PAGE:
The USDA provided a sample before-and after school lunch menu to show the proposed changes in the works. For Monday through Wednesday, the main entrees would change from a bean and cheese burrito, pizza sticks, and hot dog, all served with sides such as applesauce, canned pears, and celery and carrot sticks with ranch dressing, to a submarine sandwich on wheat bread, whole wheat spaghetti with meat sauce, and chef salad, accompanied by items like jicama, green pepper strips, and kiwi slices.

NSBA had many concerns, particularly related to the lack of full funding and implementation of the new law. More information about the law is available on the school nutrition resource page.

The proposed regulations are available in the Jan. 13 Federal Register. School officials and the public may also give responses and recommendations to the USDA. All responses are due by April 13.


Joetta Sack-Min|January 14th, 2011|Categories: Announcements, Nutrition, School Board News|

Education headlines: Districts await court ruling on “boobies bracelets”

Across the country school districts are watching a federal court case in Pennsylvania, which will address whether students should be allowed to wear the “I love boobies” breast-cancer awareness bracelets, USA Today writes… The Washington Post examines the Wake County, N.C. school board and its new members, some with ties to Tea Party groups, and their efforts to dismantle the school system’s acclaimed economic diversity policies… School officials in Detroit say they may close half of the city’s schools and increase high school classes to as many as 62 students to deal with a $327 million deficit unless the state steps in to help, the Detroit News reports… Meanwhile, officials in Charlotte-Mecklenburg, N.C., are planning to cut 1,500 jobs to balance their budget, according to the Charlotte Observer.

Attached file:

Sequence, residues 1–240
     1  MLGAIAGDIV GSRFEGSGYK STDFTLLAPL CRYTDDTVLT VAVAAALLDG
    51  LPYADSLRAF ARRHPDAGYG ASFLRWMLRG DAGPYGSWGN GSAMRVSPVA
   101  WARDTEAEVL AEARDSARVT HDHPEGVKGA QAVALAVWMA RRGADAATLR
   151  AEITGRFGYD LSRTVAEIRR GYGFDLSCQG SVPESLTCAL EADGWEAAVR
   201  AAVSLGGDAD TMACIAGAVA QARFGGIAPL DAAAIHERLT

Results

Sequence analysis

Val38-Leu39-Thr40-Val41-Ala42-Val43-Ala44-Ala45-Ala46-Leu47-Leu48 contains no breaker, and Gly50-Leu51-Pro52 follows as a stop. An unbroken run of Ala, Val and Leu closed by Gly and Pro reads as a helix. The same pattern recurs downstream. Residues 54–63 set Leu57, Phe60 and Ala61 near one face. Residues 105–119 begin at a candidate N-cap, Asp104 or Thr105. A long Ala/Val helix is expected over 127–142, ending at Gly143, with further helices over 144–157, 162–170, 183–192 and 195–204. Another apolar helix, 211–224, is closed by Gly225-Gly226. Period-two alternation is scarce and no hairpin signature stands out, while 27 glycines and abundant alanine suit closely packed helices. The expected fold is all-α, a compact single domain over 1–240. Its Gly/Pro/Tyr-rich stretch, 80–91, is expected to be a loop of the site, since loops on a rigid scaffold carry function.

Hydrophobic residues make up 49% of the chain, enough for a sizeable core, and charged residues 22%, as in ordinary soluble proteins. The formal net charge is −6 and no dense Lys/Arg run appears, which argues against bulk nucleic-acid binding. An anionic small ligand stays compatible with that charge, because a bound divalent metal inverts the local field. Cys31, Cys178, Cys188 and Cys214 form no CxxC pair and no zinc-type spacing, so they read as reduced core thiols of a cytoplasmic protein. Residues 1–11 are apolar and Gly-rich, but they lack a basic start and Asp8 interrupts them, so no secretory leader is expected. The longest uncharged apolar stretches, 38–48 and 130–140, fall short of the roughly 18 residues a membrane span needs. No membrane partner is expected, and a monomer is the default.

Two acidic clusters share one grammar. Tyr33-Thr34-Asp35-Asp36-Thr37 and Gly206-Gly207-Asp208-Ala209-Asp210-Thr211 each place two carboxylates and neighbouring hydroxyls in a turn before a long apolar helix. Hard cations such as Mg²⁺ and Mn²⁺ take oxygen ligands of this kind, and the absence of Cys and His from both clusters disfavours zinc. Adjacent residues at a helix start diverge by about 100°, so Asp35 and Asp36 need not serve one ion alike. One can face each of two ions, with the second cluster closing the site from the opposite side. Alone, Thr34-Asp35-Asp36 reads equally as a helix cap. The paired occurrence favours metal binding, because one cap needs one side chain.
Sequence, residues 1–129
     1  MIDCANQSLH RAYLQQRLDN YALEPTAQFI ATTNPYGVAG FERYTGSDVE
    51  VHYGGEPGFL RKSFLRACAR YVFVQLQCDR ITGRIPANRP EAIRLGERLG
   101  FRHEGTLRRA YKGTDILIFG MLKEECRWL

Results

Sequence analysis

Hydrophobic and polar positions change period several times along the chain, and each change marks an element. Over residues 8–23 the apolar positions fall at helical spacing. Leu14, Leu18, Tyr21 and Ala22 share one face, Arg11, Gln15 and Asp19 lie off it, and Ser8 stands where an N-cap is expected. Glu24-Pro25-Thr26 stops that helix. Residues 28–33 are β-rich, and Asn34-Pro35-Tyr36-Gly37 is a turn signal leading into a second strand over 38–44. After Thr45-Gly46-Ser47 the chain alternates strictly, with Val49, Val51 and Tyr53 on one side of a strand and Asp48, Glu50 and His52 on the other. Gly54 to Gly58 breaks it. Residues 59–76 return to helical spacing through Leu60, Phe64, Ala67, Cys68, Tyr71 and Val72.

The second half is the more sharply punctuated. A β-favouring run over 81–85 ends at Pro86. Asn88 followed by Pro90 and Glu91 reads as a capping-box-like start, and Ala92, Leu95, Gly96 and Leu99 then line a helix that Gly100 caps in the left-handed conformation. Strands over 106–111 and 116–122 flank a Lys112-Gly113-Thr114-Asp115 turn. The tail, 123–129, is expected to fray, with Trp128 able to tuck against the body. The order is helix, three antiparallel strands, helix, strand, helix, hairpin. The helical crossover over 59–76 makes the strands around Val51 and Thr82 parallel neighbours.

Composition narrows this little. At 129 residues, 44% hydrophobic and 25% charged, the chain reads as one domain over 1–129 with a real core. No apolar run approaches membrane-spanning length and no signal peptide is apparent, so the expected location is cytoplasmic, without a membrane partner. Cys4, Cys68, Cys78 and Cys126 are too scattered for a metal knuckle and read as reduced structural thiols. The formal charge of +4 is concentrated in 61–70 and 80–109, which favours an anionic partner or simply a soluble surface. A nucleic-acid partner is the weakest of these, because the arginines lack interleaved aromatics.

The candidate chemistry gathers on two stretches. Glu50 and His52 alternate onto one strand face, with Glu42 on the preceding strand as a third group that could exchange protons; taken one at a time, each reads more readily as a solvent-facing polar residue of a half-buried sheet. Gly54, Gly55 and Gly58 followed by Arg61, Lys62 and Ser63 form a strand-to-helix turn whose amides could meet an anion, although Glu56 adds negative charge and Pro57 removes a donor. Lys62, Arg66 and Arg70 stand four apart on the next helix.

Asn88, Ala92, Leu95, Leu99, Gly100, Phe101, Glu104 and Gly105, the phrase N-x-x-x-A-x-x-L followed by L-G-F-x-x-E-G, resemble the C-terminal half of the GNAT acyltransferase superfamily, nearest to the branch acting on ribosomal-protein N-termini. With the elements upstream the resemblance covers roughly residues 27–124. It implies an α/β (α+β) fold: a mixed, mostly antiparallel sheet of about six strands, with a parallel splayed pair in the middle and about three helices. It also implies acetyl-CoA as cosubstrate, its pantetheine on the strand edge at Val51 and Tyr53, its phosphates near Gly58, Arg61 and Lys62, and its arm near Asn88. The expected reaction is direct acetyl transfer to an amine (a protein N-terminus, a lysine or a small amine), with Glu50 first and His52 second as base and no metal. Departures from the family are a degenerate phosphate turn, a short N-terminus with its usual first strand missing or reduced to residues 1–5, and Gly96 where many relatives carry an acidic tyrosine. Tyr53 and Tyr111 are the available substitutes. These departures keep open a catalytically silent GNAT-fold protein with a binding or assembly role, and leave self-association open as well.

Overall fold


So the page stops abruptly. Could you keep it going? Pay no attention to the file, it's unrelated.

Joetta Sack-Min|January 12th, 2011|Categories: Announcements, School Board News|

Education headlines: Reich calls for more focus on education funding, economy

The Miami Herald writes that the Miami-Dade and Broward County, Fla., school districts face nearly $10 million in penalties for violating Florida’s class-size law, the state Department of Education announced this week…   Education Week’s annual Quality Counts report examines state policies and budgets as most are coping with new demands and fiscal shortfalls… An editorial by former Secretary of Labor Robert Reich in the San Francisco Chronicle outlines why education funding is critical to the nation’s future economy as new California Gov. Jerry Brown tries to save K-12 funding by cutting higher education programs and social services, the newspaper writes… And Secretary of Education Arne Duncan tells the Washington Post that the Arizona community college where Jared Lee Loughner, the alleged shooter in this weekend’s killings at Rep. Gabrielle Gifford’s community meeting, did all it could to keep students safe in the wake of his erratic behavior.

Joetta Sack-Min|January 11th, 2011|Categories: Announcements, School Board News|

Education headlines: Fla. governor, Rhee call for more charters and choice

Pittsburgh residents didn’t have a huge endowment for student scholarships, but a major public engagement campaign is helping build a scholarship program as well as support for the public school system, USA Today writes… Florida’s new governor, Rick Scott, and education advisor Michelle Rhee visited a charter school and spoke of plans to increase the number of charters as part of a major education reform movement, according to the Miami Herald… After years of shortfalls, Georgia is facing big cuts to its HOPE Scholarship program that provides in-state tuition to students with B-minus grade averages, the New York Times reports… And a Nebraska high school tried to return to normal after a student shot and killed and assistant principal and wounded two other staff members before taking his own life, the Omaha World-Herald reports.